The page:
Top Stories
Top Stories

SOFTS-Arabica coffee prices fall, raw sugar rises

prompting some short-covering, dealers said.

(Recasts throughout; updates prices, adds market activity, comments, NEW YORK dateline) NEW YORK/LONDON, March 18 (Reuters) - Arabica coffee futures on ICE fell on Monday, approaching last week's 13-year low as the market struggled to absorb excess supplies, while raw sugar prices rose to their highest in more than two weeks.


* May arabica coffee settled down 0.95 cent, or 1 percent, at 96.85 cents per lb, after trading in light volumes for the second consecutive session.

* Earlier, the contract traded as low as 96.30 cents per lb., closing in on last week's 13-year low of 94.65 cents.

* Prices have been weighed down by excess global supplies, especially in top-grower Brazil, which harvested a record-large crop last year.

* Brazil's production outlook for this year also appears favorable, even though it will be an off-year in the country's biennial crop cycle.

* May robusta coffee was unchanged from the previous session and settled at $1,485 a tonne.

* In the previous session, the contract fell to a two-year low of $1,463, also pressured by plentiful global supplies.


* May raw sugar settled up 0.32 cent, or 2.6 percent, at 12.84 cents per lb, after peaking at 12.87, its highest since March 1.

* Data released on Friday, showing speculators held a larger-than-expected net short position, was supporting futures

* Speculators sharply increased their net short position in raw sugar on ICE Futures U.S. to a five-month high in the week to March 12, U.S. government data showed.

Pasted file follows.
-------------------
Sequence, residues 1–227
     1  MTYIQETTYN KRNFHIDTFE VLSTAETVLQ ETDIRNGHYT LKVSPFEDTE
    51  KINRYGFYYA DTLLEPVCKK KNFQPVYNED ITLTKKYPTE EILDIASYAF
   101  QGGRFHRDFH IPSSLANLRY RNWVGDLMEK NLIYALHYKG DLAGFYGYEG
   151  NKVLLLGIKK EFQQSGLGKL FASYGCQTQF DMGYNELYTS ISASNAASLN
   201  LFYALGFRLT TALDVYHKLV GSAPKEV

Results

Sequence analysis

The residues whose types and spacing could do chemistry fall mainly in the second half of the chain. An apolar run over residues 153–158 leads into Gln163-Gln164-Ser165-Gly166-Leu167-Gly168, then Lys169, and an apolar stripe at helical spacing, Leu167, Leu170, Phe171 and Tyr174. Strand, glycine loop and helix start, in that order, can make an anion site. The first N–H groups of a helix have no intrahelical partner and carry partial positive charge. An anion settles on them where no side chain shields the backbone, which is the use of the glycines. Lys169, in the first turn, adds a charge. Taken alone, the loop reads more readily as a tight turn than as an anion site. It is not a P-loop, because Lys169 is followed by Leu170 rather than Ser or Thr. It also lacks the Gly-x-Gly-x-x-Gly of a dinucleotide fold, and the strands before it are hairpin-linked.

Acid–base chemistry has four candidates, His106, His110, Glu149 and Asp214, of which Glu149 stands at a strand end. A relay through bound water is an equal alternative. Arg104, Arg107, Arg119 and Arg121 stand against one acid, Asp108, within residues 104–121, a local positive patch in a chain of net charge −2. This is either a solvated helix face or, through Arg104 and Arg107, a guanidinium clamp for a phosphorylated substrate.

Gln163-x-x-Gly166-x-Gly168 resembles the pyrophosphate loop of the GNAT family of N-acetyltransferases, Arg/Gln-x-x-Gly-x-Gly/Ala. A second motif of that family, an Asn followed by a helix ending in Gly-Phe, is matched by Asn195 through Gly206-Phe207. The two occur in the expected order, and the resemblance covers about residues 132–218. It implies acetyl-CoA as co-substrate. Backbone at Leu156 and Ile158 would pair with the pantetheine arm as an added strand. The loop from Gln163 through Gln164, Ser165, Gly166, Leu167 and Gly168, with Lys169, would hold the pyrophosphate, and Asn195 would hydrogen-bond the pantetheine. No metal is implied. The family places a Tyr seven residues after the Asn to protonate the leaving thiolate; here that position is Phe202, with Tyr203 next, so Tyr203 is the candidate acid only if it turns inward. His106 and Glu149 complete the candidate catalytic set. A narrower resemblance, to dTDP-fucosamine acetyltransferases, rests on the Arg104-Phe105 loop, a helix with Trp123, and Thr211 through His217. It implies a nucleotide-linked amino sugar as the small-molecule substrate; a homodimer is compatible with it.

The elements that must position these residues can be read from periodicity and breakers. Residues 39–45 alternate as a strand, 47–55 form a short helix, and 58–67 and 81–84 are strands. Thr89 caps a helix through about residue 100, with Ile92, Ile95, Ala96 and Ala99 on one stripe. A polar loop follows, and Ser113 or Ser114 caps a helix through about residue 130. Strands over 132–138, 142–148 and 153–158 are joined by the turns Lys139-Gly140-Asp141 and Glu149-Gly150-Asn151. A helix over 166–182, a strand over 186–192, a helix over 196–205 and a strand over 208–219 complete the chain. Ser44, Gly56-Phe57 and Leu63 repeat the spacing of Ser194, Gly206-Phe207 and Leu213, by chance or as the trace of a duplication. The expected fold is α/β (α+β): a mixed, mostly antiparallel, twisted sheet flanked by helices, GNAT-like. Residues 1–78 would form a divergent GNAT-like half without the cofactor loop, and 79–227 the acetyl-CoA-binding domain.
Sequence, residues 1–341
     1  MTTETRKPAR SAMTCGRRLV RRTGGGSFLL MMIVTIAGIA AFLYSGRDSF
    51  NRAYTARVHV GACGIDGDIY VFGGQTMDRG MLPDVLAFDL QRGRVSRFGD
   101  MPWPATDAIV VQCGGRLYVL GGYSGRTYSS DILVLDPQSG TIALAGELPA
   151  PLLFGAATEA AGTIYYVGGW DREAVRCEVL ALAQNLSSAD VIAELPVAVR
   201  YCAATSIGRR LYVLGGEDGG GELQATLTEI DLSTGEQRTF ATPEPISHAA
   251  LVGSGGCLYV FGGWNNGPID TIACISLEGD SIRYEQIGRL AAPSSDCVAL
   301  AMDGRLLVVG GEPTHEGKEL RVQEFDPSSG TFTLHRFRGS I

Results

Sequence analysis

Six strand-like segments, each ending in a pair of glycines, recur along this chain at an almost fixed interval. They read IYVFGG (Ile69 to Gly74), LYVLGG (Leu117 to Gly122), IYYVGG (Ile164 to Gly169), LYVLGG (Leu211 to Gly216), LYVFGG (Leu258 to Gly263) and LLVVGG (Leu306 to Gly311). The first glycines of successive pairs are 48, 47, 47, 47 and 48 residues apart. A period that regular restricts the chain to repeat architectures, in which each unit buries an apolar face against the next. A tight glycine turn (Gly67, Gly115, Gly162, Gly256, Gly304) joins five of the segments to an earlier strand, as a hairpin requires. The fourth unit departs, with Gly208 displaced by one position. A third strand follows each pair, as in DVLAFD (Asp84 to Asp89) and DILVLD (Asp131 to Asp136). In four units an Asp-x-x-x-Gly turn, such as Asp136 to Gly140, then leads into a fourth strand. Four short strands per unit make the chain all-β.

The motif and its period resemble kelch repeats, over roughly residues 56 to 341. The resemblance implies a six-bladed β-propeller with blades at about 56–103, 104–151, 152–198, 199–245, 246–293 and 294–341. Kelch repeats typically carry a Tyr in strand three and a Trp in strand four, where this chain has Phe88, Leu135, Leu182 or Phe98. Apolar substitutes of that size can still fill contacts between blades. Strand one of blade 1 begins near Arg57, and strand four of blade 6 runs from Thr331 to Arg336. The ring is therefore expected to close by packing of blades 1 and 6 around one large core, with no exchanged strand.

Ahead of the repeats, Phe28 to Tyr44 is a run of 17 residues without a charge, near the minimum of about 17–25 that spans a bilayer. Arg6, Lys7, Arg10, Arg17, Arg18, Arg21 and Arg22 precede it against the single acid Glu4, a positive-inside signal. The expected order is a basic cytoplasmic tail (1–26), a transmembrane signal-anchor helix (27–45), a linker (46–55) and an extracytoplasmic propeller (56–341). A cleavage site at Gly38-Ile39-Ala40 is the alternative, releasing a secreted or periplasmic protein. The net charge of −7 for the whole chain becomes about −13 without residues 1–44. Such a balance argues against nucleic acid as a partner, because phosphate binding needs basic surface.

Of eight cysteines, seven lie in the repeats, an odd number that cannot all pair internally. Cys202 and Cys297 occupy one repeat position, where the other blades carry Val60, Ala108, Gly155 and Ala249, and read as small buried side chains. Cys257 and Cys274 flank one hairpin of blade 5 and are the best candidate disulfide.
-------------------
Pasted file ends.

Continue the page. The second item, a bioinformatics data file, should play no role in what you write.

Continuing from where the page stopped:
* The strength of the energy market continued to support sugar, as higher oil prices encourage Brazilian cane mills to produce more ethanol rather than sugar.

* Potential exports from India kept a lid on prices, though a small global deficit is generally expected in 2019-20.

* India's sugar output is expected at 32.6 million tonnes in the year that began on Oct. 1, 2018, the All India Sugar Trade Association said, up from a previous estimate of 31.5 million tonnes.

* May white sugar settled up $6, or 1.8 percent, at $346.70 per tonne.


* May New York cocoa settled down $1, or 0.1 percent, at $2,196 per tonne.

* Cocoa arrivals at Ivorian ports reached 1.627 million tonnes between Oct. 1 and March 17, exporters estimated on Monday, up about 11 percent year on year.

* Showers in most of Ivory Coast's cocoa regions last week augured well for the April-to-September mid-crop, farmers said, despite concerns over below-average rainfall in the country's center.

* May London cocoa settled down 2 pounds, or 0.1 percent, at 1,654 pounds per tonne.

(Reporting by Ayenat Mersie in New York and Nigel Hunt in London; Editing by Richard Chang)